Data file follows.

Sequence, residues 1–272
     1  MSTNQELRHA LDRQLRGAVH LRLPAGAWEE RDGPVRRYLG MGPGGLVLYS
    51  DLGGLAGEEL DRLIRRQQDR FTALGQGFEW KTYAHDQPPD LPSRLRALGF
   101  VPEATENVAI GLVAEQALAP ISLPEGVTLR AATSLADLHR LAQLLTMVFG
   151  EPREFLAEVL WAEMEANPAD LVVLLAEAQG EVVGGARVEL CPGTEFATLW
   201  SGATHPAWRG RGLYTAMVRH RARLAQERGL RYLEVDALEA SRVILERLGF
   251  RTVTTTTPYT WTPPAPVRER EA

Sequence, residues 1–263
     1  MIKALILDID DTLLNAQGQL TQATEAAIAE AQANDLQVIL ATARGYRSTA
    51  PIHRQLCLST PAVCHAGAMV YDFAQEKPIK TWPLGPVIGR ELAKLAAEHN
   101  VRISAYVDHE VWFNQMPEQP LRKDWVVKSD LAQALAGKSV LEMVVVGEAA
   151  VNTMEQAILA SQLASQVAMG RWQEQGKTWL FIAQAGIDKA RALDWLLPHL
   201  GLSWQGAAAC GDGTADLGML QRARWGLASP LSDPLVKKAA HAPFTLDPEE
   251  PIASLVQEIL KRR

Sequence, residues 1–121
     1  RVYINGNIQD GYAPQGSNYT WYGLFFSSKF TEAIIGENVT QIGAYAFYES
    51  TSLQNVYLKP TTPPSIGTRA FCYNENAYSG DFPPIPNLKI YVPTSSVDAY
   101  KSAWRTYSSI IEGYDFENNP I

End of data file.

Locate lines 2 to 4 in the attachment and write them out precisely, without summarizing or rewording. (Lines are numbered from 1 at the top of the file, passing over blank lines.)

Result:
     1  MSTNQELRHA LDRQLRGAVH LRLPAGAWEE RDGPVRRYLG MGPGGLVLYS
    51  DLGGLAGEEL DRLIRRQQDR FTALGQGFEW KTYAHDQPPD LPSRLRALGF
   101  VPEATENVAI GLVAEQALAP ISLPEGVTLR AATSLADLHR LAQLLTMVFG